This section is from the book "Hartmann's Theory Acute Diseases And Their Homoeopathic Treatment", by Charles J. Hempel. Also available from Amazon: Theory of acute diseases, and their homoeopathic treatment.
§ 287. Iritis, inflammation of the iris.
This inflammation is generally accompanied with inflammation of adjoining parts. The pain is principally seated in the eyeball, but is often felt in the forehead and occiput, particularly at night. Photophobia is very considerable. The pupil contracts, becomes immoveable, and, if the inflammation should progress, and exudations should set in, the pupil becomes indented, elongated, and the visual power is lost. The iris changes its colour; if brown, it changes to a reddish, and if gray, to a blue-greenish colour. The thickening of the iris is distinctly perceptible. The eye is excessively sensitive, and there is considerable lachrymation. If the inflammation be not speedily controlled, exudations set in, which appear like white specks or bands in the pupil, and impair vision. In the worst case the pupil closes (synizesis). The termination in suppuration, and the formation of hypo-pion. is less frequent. The disease is always accompanied with fever, which exacerbates in the evening. It runs a rapid course.
It is caused by previous inflammations, traumatic ophthalmia, injuries during operations, dyscrasia, gout, syphilis, etc.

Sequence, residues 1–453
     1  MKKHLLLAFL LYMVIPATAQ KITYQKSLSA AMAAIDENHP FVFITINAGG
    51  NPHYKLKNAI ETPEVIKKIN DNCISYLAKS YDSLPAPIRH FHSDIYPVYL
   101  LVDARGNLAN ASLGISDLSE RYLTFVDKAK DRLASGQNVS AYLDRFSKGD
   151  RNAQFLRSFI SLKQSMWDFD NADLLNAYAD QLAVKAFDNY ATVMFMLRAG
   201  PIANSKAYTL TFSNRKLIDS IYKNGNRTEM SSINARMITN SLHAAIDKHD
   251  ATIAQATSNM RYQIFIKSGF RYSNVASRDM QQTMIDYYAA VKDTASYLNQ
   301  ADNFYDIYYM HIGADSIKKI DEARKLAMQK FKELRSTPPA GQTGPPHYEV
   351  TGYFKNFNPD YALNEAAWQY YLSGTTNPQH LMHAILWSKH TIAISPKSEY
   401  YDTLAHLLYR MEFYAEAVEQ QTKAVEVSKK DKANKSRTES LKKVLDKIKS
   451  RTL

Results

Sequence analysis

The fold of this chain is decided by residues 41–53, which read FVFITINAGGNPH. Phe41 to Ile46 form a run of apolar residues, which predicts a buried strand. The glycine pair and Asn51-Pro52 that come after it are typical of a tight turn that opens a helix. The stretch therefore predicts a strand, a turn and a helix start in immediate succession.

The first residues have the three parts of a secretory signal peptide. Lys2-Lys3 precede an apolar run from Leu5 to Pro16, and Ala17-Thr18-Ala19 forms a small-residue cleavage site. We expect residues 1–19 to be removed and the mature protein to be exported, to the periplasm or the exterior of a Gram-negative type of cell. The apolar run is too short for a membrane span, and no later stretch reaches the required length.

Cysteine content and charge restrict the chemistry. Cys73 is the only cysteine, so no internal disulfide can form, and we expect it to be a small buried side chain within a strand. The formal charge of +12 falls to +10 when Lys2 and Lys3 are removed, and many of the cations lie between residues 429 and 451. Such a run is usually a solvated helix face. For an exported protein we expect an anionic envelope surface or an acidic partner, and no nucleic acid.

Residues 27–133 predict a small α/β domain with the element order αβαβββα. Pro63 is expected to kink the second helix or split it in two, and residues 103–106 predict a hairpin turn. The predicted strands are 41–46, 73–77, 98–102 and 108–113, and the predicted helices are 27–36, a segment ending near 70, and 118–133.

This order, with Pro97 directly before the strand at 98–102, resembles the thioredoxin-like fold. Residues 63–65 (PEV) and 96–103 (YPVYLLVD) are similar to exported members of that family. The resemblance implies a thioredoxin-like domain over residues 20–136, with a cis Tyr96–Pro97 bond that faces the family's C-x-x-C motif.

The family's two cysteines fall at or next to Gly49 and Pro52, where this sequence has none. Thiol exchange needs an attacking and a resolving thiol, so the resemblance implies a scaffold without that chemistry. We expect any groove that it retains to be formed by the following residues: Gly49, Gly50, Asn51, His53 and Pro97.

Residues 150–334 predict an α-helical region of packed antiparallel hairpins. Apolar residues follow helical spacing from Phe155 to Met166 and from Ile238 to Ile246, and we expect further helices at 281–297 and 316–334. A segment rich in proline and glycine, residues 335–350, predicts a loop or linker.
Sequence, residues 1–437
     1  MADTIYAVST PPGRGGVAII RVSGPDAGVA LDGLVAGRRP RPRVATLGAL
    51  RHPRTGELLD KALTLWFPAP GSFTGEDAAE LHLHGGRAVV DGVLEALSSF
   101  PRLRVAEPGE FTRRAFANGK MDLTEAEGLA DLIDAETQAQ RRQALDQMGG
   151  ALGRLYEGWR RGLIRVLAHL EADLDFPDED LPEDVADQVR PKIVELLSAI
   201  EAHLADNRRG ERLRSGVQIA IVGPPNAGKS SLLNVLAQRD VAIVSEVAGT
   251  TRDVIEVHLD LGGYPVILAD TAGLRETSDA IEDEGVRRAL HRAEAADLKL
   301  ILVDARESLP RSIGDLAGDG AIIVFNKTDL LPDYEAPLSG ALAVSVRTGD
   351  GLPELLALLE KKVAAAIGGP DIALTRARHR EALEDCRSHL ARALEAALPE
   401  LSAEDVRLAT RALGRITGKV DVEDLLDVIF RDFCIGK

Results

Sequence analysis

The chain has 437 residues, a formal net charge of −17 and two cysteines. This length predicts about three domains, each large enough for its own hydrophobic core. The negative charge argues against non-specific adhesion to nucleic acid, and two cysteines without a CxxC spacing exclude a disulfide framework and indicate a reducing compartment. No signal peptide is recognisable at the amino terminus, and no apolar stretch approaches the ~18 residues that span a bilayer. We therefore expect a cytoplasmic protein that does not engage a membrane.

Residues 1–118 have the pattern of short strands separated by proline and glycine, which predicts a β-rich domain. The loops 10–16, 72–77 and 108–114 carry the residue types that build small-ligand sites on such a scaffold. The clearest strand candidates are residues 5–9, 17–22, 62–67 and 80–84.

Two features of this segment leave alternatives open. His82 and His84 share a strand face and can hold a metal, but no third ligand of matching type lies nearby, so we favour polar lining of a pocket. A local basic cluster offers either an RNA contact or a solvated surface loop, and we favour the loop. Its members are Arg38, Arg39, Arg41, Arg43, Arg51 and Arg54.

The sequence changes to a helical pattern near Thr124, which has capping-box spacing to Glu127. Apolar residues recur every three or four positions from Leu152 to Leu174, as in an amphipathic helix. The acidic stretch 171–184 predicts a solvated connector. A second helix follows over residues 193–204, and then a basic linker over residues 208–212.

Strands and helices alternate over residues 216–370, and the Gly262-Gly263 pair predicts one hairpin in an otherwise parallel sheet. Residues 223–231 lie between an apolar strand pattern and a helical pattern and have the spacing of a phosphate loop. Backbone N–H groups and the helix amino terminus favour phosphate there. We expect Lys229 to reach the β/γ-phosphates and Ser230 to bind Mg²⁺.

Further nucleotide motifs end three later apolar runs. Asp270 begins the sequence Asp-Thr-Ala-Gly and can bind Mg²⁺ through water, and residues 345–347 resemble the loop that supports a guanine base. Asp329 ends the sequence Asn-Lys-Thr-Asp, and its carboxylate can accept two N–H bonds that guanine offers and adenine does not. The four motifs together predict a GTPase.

In the first stage of the disease, when the inflammation is yet in an incipient state of development, Aconite is sufficient to control it; but if pain in the forehead or occiput should already have set in, Belladonna will have to be given in the place of Aconite. The alternate use of Aconite and Belladonna is sometimes commendable. Even if the pupil should have contracted, and have become less dilatable, Belladonna will still prove useful. Cina is admirable when the contraction and immobility of the pupil is attended with frequent scintillations, great dryness and consequent pressure in the eyes, and when the patient complains of aching, rather than tearing, pain in the head. If the disease should have considerably progressed, the power of vision should be much diminished; or, if exudation should have set in, Merc, corros. is most suitable. Plumbum is likewise a powerful absorbent of the exuded lymph. Sulphur, Clematis erecta, and Zincum, are likewise of service in this affection, and have to be chosen with reference to the constitutional State of the patient. We therefore refer the reader to the various chronic affections and dyscrasias, which will be treated of in the second division of this work.